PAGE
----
NFTY’s impact is different on everyone. When Ross Bear, JFTY ’90, began working as an advisor at URJ Kutz Camp and met a new friend, student Cantor Brad Hyman, he realized quickly he’d made a friend for life. What he didn’t expect was that this friendship would later save his life.
On March 12, 2015, Bear woke up in the emergency room, told his kidneys had irreversibly failed. In a matter of moments, he was faced with only two options for survival: find a donor for a new kidney, a list that was 100,000 people long, or live out his life on dialysis, which would involve dozens of hours of treatment each week and likely offer a life expectancy of ten years or less.
With his wife, Marnie (JFTY ’92), whom he met at Kallah back in their NFTY days, and their two young children, Ethan and Henry, by his side, the need to fight was clear. Once he learned that no one in his family was an eligible match, Bear added himself to several organ donation registries local to his Bucks County, PA home, and began the grueling process of dialysis. Unbeknownst to him, Bear’s sister, Stacy, shared his story on Facebook and asked friends and family to spread the word that he needed a donor. Bear began getting phone calls from NFTY friends he hadn’t spoken to in decades, and former camp counselors who still felt an obligation to look after him, even after all these years. One lifelong NFTY friend in particular took the story and ran with it—Hyman, now a Cantor at Temple Chavarim in Plainview, New York, shared the story to his network of friends, family and colleagues, hoping to help the friend who had become like a brother.
It wasn’t long before Bear received a phone call from his transplant coordinator, Maria, that a match had been found, but she couldn’t say who. A few days later, Bear received a Facebook message from a man named James Baker, who introduced himself as Hyman’s brother-in-law and the living donor for Bear’s new kidney. Though the two were complete strangers aside from their shared connection, Baker had witnessed the miracle of organ donation first-hand and felt compelled to help.
Many years prior, his boss’s daughter died suddenly. Her organs were viable to give, and ultimately, six lives were saved. It was a story that stuck with him, so when Baker saw his brother-in-law’s call to action on Facebook, he got tested without telling anyone, and when he came up as a match, he took the next steps to donate his kidney to a complete stranger. “He saw the need to do good for someone else and just did it,” says Bear. “He’s that kind of person. He’s a Marine—he sees a problem and he walks toward it, not away from it.”
After exchanging messages back and forth, Baker, who lives in Michigan with his wife, Julie, and their three children, flew to New York City to prepare to donate his kidney to a man he’d never met. They met briefly the day before the surgery, and learned they had more in common than expected—they shared a wedding anniversary, and their birthdays were just a day apart. After their meeting, they went their separate ways to prepare their bodies and spirits for what was to come. Unknowingly, the two each simultaneously tapped into their own religious traditions just prior to the procedure—Bear went to the mikvah, and Baker, a practicing Catholic, to St. Patrick’s Cathedral.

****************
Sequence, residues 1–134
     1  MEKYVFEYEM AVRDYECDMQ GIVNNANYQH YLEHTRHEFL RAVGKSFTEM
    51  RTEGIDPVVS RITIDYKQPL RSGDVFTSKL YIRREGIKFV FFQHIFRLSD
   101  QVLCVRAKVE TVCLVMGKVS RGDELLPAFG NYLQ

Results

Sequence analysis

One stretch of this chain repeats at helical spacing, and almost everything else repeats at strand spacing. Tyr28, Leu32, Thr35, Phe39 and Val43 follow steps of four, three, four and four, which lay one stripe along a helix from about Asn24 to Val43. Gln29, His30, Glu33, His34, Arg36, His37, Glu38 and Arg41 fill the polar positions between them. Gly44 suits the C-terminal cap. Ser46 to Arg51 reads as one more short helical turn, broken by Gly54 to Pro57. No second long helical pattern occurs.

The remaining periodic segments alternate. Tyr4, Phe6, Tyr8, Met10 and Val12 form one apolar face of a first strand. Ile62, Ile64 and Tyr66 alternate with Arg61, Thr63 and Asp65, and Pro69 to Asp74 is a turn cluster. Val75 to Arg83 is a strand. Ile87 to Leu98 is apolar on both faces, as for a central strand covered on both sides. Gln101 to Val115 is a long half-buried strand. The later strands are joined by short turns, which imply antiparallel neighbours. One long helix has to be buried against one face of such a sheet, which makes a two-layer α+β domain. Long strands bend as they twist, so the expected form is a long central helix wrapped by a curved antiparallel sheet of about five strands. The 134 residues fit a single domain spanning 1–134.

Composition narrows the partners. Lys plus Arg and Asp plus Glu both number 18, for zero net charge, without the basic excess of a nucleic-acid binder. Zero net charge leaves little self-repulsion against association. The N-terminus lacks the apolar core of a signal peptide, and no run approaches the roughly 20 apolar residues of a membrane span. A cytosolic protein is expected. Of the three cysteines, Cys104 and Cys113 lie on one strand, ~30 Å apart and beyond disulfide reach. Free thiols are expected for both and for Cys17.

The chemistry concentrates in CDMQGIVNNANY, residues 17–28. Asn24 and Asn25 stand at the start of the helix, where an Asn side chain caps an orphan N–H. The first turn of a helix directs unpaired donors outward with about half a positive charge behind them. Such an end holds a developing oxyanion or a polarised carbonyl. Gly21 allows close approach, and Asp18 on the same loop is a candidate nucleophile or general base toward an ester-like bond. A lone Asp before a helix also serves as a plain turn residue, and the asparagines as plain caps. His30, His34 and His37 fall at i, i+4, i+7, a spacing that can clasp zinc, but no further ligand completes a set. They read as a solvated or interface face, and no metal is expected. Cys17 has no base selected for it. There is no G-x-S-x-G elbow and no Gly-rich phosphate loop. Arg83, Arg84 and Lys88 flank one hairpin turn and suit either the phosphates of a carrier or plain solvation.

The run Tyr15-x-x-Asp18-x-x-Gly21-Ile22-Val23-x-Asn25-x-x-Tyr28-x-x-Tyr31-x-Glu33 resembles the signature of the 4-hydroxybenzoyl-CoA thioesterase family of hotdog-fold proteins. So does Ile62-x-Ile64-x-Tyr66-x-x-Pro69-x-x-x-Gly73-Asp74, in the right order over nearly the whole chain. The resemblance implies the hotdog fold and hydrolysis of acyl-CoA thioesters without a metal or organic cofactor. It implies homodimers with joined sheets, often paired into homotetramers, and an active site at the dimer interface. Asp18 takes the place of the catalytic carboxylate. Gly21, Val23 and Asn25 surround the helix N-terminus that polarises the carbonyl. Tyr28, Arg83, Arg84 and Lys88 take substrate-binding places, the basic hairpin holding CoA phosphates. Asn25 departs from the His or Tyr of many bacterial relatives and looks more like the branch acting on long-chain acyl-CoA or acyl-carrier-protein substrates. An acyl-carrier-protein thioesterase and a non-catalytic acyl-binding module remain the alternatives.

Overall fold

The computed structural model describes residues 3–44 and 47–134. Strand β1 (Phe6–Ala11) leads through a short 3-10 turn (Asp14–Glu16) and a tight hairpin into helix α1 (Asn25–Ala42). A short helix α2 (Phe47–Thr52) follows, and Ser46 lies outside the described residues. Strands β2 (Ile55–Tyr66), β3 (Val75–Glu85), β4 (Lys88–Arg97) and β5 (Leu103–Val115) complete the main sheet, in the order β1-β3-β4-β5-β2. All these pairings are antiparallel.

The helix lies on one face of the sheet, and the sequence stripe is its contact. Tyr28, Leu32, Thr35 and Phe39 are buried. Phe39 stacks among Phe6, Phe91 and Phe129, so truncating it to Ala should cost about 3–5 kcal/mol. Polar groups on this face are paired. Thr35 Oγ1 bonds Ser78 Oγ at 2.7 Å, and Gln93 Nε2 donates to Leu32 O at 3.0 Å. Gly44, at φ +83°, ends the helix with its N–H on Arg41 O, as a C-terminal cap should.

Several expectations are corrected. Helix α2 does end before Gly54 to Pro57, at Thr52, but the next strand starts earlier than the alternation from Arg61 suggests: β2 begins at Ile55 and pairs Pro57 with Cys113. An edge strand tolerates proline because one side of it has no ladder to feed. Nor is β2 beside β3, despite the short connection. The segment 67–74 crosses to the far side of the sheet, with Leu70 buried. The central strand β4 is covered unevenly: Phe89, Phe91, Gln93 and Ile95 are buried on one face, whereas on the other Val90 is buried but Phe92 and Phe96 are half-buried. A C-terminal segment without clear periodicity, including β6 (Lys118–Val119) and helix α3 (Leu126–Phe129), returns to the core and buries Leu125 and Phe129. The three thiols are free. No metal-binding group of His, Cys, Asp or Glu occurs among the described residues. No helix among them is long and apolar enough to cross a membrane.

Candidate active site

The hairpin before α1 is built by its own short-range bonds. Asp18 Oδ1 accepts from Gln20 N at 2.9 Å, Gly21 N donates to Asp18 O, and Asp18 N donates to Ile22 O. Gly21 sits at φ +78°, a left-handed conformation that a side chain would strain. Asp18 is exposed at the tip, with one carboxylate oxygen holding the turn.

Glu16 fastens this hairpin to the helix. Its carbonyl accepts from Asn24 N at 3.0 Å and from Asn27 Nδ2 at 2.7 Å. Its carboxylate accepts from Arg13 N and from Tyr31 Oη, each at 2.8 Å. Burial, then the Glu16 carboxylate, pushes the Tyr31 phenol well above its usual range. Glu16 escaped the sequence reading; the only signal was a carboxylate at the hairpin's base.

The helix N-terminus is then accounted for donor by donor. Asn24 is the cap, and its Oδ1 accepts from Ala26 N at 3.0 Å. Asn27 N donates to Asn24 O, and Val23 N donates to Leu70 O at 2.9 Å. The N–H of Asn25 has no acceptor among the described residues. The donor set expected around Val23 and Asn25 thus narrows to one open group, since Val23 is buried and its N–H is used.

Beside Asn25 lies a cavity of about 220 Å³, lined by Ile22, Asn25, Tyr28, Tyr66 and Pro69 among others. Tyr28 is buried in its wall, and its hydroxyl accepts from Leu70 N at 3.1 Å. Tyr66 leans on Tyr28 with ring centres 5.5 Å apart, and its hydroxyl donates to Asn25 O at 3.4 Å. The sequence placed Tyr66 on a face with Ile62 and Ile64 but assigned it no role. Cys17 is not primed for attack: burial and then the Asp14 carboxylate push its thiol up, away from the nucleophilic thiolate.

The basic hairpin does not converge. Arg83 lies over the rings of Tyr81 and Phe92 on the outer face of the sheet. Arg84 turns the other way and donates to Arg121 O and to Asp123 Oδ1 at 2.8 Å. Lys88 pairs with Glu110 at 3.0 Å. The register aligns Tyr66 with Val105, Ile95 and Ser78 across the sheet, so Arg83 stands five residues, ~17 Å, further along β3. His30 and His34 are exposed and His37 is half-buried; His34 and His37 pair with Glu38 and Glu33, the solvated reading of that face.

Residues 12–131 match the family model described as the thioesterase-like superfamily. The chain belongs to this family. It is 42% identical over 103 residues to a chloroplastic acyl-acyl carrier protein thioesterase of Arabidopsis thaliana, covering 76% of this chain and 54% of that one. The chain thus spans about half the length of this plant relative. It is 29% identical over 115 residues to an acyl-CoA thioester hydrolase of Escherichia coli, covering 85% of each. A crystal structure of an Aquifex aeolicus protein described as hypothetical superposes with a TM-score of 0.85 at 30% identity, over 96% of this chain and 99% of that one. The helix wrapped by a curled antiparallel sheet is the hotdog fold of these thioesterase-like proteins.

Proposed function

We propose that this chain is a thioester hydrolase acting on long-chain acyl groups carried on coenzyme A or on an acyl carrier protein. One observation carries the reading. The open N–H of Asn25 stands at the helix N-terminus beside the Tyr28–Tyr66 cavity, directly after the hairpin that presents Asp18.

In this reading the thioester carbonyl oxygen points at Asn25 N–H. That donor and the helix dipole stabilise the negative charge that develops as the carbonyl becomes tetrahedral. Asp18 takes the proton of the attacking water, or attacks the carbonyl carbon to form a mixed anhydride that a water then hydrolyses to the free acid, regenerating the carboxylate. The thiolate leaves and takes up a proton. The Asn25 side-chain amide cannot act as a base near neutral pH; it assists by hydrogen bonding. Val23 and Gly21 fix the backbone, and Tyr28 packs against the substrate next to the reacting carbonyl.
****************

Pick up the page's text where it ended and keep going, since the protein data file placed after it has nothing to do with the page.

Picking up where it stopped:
After a successful transplant, Bear was able to return to a normal life, teaching language arts and history at a substance abuse high school in Philadelphia, and Sunday school at a local temple. He’s made a life of working with youth, first as a volunteer with his TYG after high school, then for many years in his “part-time career” as a youth advisor in positions across New Jersey, while he still had a full time job. Just before he got sick, he got his Master’s degree and became a teacher to finally turn working with kids into his full-time focus, and he believes that his years of dedication to the youth movement and working with children played an integral role in his recovery.
“There are so many metaphors of paying it forward by paying it back. All the graces that came to me through this whole process of illness, potential mortality, rebirth and renewal. You don’t realize the impact,” says Bear. “This is karma. This is dedicating time to working with people, promoting the mission of NFTY, getting kids involved, helping others. Suddenly, it came back to me.”
Now outfitted with his new kidney, Bear has advocated for the gift of life at synagogues and other venues both in his home states of New Jersey and Pennsylvania, and as far away as Michigan, the home state of his generous donor. “As someone who teaches and practices Judaism, we’re here to help each other. That’s our job as partners with the Almighty—to help fix the world. We are obligated to save a life whenever we can,” he says.
One avenue for getting the word out about organ donation has been an initiative called the National Donor Sabbath, which brings together members of various faith communities across the United States in an annual observance during the month of November. Reach out to your local synagogue to find out when there is an observance near you.
Now, more than ever, Bear also works hard to promote the mission of NFTY and the importance of Jewish summer camping. As a parent ambassador for URJ 6 Points Sci-Tech, he says he speaks to parents on the fringes of Judaism about what it means for kids to be involved in a Jewish summer camp. “Your children are going to live Judaism, not just be taught about Judaism,” he says. “There’s a lot more that we have to learn about the world than we can learn in high school.” NFTY and Jewish summer camp, he says, fill that gap. “There’s nothing better than Jewish summer camp,” he says. And you never know when or how it might change your life. “Had I not gone to Kutz that day as a young kid, this never would have been possible.”